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Lethbridge Herald Newspaper Archives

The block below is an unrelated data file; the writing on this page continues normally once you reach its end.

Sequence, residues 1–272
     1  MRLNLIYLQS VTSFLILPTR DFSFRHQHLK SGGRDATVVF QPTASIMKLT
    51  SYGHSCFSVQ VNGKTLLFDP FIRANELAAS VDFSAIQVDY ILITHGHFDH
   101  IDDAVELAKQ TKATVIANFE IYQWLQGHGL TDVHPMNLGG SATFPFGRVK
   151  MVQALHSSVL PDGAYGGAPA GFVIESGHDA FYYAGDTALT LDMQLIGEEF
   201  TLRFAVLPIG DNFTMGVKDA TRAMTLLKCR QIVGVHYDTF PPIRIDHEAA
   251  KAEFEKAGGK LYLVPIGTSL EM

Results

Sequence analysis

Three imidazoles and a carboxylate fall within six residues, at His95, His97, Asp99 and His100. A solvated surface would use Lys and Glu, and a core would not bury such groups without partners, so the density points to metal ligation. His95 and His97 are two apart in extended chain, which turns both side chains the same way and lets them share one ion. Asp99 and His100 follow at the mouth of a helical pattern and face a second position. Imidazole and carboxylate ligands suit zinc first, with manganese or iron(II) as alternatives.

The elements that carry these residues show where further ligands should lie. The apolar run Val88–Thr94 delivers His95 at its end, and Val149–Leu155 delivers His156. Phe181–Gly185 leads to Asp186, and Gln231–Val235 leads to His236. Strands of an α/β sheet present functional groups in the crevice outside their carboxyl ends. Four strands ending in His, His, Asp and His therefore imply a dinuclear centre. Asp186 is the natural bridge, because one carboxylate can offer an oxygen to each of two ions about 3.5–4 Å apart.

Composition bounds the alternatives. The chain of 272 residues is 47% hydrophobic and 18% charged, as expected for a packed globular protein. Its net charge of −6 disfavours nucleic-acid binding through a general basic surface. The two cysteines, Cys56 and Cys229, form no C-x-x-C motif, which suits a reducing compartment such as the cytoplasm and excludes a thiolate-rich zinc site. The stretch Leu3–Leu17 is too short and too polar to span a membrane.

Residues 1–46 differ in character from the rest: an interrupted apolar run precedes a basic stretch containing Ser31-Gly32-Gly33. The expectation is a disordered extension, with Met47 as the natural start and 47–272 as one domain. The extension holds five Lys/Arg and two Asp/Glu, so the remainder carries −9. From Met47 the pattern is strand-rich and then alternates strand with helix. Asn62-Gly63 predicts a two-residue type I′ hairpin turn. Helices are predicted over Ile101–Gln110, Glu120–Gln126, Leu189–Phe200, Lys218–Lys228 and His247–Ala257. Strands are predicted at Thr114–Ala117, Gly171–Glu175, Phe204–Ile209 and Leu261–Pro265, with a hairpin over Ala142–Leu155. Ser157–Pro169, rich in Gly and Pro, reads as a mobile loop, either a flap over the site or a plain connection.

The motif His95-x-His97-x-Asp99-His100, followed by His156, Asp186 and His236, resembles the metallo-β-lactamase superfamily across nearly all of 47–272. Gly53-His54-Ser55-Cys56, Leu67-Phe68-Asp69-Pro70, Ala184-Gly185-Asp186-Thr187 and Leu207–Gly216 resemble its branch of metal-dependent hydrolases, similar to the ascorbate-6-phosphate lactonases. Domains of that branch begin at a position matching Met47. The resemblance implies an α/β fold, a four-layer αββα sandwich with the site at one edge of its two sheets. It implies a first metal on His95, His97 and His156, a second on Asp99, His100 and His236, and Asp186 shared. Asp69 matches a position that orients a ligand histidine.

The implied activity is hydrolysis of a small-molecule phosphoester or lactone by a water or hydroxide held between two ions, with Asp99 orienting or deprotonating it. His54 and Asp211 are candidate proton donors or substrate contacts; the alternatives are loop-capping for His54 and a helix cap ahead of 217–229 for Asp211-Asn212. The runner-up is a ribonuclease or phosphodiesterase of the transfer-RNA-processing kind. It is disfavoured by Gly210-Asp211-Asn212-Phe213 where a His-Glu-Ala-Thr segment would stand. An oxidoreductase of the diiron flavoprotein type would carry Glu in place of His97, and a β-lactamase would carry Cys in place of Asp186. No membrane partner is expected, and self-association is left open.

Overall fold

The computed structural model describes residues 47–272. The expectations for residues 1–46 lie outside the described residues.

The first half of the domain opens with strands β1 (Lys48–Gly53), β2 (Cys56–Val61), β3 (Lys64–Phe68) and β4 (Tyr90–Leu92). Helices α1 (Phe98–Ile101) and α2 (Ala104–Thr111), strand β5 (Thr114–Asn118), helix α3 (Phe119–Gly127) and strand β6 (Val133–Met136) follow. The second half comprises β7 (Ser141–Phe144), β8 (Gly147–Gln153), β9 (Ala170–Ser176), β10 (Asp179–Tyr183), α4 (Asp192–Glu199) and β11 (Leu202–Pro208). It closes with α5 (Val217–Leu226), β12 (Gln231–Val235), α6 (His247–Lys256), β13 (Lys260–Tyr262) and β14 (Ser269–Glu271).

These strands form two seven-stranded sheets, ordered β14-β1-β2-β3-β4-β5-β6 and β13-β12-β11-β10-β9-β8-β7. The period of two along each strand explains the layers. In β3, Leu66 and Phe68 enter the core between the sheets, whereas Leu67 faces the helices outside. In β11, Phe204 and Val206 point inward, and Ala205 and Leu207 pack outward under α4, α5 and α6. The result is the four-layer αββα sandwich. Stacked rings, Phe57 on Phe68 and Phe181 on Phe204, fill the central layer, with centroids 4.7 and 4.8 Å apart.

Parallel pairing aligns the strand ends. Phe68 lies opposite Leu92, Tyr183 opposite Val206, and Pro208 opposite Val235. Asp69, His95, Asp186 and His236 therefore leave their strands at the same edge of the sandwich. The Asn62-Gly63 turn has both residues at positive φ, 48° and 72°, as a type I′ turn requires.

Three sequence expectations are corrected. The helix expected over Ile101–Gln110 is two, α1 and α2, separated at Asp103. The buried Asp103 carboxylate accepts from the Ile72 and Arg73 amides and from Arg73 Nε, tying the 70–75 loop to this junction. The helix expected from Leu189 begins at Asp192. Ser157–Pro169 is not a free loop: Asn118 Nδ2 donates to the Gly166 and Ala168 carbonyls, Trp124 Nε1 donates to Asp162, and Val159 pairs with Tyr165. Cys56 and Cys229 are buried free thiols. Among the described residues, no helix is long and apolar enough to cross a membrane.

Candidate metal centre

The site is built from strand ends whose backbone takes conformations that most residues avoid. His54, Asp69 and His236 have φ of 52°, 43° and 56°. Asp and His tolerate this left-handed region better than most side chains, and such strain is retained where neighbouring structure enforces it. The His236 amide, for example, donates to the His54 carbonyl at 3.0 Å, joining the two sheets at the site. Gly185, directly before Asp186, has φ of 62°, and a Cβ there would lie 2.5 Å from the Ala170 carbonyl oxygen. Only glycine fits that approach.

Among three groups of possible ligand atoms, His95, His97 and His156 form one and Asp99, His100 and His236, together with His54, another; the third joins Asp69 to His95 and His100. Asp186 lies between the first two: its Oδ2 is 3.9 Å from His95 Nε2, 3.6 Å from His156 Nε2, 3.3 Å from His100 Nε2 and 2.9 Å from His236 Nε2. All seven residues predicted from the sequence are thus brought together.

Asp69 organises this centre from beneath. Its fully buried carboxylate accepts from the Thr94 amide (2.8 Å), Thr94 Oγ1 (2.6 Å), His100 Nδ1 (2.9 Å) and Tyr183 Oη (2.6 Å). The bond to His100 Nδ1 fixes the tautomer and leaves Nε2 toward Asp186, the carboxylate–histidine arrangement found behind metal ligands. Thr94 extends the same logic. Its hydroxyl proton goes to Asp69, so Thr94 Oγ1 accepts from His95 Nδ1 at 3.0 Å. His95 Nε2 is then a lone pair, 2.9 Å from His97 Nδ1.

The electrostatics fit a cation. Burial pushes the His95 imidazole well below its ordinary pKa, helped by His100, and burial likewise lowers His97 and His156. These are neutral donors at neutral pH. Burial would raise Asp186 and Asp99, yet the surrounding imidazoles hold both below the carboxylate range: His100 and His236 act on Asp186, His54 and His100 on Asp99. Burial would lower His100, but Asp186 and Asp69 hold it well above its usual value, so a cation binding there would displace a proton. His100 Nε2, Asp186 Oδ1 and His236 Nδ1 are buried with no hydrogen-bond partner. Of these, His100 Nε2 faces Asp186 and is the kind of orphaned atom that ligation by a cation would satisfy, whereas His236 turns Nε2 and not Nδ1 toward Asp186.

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Lethbridge Herald, The (Newspaper) - August 18, 1920, Lethbridge, Alberta WEDNESDAY. AUGUST 18, 1920 THE LETHBRLDGE DAILY HERALD PAGE FIVE MARKET REPORTS mm DAY Winnipeg Grain Market i WINNIPEG, Aug. trading la wheat futures in Canada sgaln be- came au actual fact this morning when, the Winnipeg grain eicbauge opened for business.- Two mouths, October and Dei-ember, were posted for future deliveries, and while there was a fair amount of business In the October market, lliero was little or nothing doing In December. The buy-' 'ers were among the largest expert houses cs tfcw'Zusrkei. The first selling was done by farm- ers and country dealers who'immed- iately took the opportunity to protect themselves- against Sower nrirca by "hedging" for October delivery. Later ill the uwmuig as I he market progressed, it was reported that mill- ers were buying fur domestic busi- ness, and there was a good volume of around J2.70. whole the tone was Strong. The most was Spanish Ulver preferred which opened at yesterday's close of 119 and almost Immediately rose four points to 123. Abt'.ibl wasf Corporal Usher receiving a tele- phone message from Bhiirmore at the P. 'P. headquarters in Bellevue. Those in tlto headquarters got re- He hart a .38 Smilh and i Wesson and a .32 automatic. TJsher ifld Bailey also strapped on their side irms. They went down .toward the IJellevue Cafe and they met Jlr. Rob trlson, who called to them. He stop- led the constables ana as a result ot vhat Ttlr. Robertson, said they devised i plan to arrest the men. The planf was for Bniley to enter the back .door' and Usher and .the witness enter the front 4oor. 1 Constable Trewln walked np-.and. down the restaurant several -times looking into the booth. He expressed the opinion that these were the train robbers. They pulled their guns, and Constable frewin .entered the booth flrst, followed by Corporal Usher. Akroff was sitting on the left nnd he covered' him. Corporal Usher took the man on the right., "I snld 'hands up' and pointed'my sun at his face. I said, 'We officers and 1 want you.' He said, What's the and pushed his bands straight down. 1 told him to raise his han'ds or I would bore a hole in him. He started to get up, fumb- ling in his jacket. "I watched him very closely and saw the point of a revolver coming out. I fired. I slill walchlng the revolver, aud not where I was firing. The bullet entered near his shoulder 1 fired several shots and I thought I emptied my magazine info him. "As I finished 1 slepped back. I saw Bailey's revolver and I- shouted lo him to shoot, t backed to the door where 1 drew my .38. The neit I saw Corporal Usher fall at Iho door and I next saw. Railey fome rushing over Corporal Uslier's body. "1 did not know what happened The sight my comrades lying dying me. "The next'thing I remember was someone coining lip to me anrt stating that one-of the bandits had run away nnd got up testified Const Frew In. t Old Not See Guns Constable Frowln did not see 'vhat gnu or guns Bassolt had. Ills atlcn- lion was rivelted on the man ho was afler. Uiider cross-examination Constable Krewin the train robbers looked suspiciously at him when ho was walking up "and down the restaurant. While Constable Frowin was looking them over Corporal TJsher wn3 stand-. Ing just inside the rtoor-ot (he cafe. Const. I'rewin was dressed In mufti. Tho curlnlti ot the booth was wide open. Tlie wanlcd men were eallrg. Krcwln Icnlilled that ho did not bear Corporal Usher issue any command (o (he men in the booth. Holb officers went right Inside the booth. Only One to Shoot "When did Usher start Bliootlng asked Mr. Rice. v.-.ic tlis one who did any answered In. Conlinulng, the witness said he heard more shoollng after ho got outside of the restaurant hut he could not cay who did shoollng. Afler Constable fYewIn backed out of Ihe booth liailey went Into tho booth, testified the witness, t'onsl. Krewin backed out ot the cafe and wont around tho corner and stood there with his ,38 in his right, hand .and his other gun In his left hand. He did not do any shooting after he left tho booth. Constable Frewln's ed the case for tho Mr. Rico asked that further evidence be submitted. Ho wanted two other men to be called from Dellevue." He also requested thai the evidence of the Imuicsl he put in at the prelim- inary. Mr. MacDonald stnlod ho would not j call any morr, unfnct. Jir. aged 22, ot Quebec, was drowned at Cap Hougo ft ff A A A f. A A A ft A ff TROUBLE IN N. S. MINES. -V SPRIXGH1LL, X. S., Aug. 17. Approximately ono thousand men, employed in the Spring- hill coal mines are idle today as Ihe result ot a series of sec- tibnal slrfkes'al the collieries. Tiie trouble started when bollermen objected to the uum- Z her of fires they were asked to tend. t a Genera) Burstall as quarlermaslet general; MaJor-General J.-H. Klmslej C. B., C. M. G.. D. S. 0., who relin Quishes the post commaudant uJ military district Xo. 3 to become ad al headquarters; Maj or-Oer.cral B. w. B, Morrison, K. C M. G., B.. D. S. 0, who is appoint ed to the post of master general o ordinance, Lleut.-CoI. H. D. G. Crer ar, D. S. 0., is attached to headquar ters staff as chief staff officer, artll j le.-y. In the military districts the follow lug appointmenlz have been approv ed: To be general omcer commaudlut Military District No. 3, headqusrteri Kingston. lirig.-Oeneral W. B. M. King C.M.O.. D.S.O., who succeeds Major OTTAWA, Aug. Canadian upon the resigna- tion of Geueral Sir Ar.thur Currie, In- spector-general of the Canadian forces if No. .12. headquarter Mcpill University a reorganisation D. M. Orniond General F.lmeley. Ormond to Regina Ouicrr and re-arrangement of duties has been effected Et militia headquarters. New appointments to the posts of general officers commanding military districts Xo. 3, with headquarters at Kingston. aud 12, headquarter! also have beea made. at Regina. In the re-organization at militia headquarters, Major-Genera! Sir H..E. Burstall. K.C.B., K.C.M.G., A.D.C., be- comes Inspector-general with the rank of lieutenant-general In Ihe Canadian militia. General Burstall Is at pres- ent filiiug the post of quartermaster- general. The mlitia couucll.wSU con- fist of MaJ.-Gen. J. U. MacBrlen, C.B., C. M. G.. D. S. becomes chief of. tho general stalt: Jfajorfieneral E. 0. Ashton, C. M. G., who succeeds C.M.G., D.S.O., who succeeds Brig. General Alex. Rosa, D.S.O., Ihe laUe- having resigned to return to his clrl profession. These two officers, it is said, havi had a long and intimate connection wjth Ihe Canadian miUlin. They ren dered distinguished service overseas and are most favorably known in the Canadian corps. General King com manded tho artillery in the .fourth Canadian 'division, and General Or mond commanded the ninth hrigadt of the third Canadian division.' I At Wichita, Kansas, hail fell meas uring sii inches in circumference, ruining automobile tops and smashing windows. CUT BRIER "Brier5' Smoking Tobacco has become a Canadian institution. -V v "Brier" than any other tobacco in Canada. It leads in leads in value! Now "Brier" Incomes in new Macdonald's Cut same tobacco under the Macdonald standards established in 1858. Still leading in value. MacdonaldV Cut "Brier" gives more tobacco f oir the money in the 1-12 for per pound. A W.C. MACDONALD, ;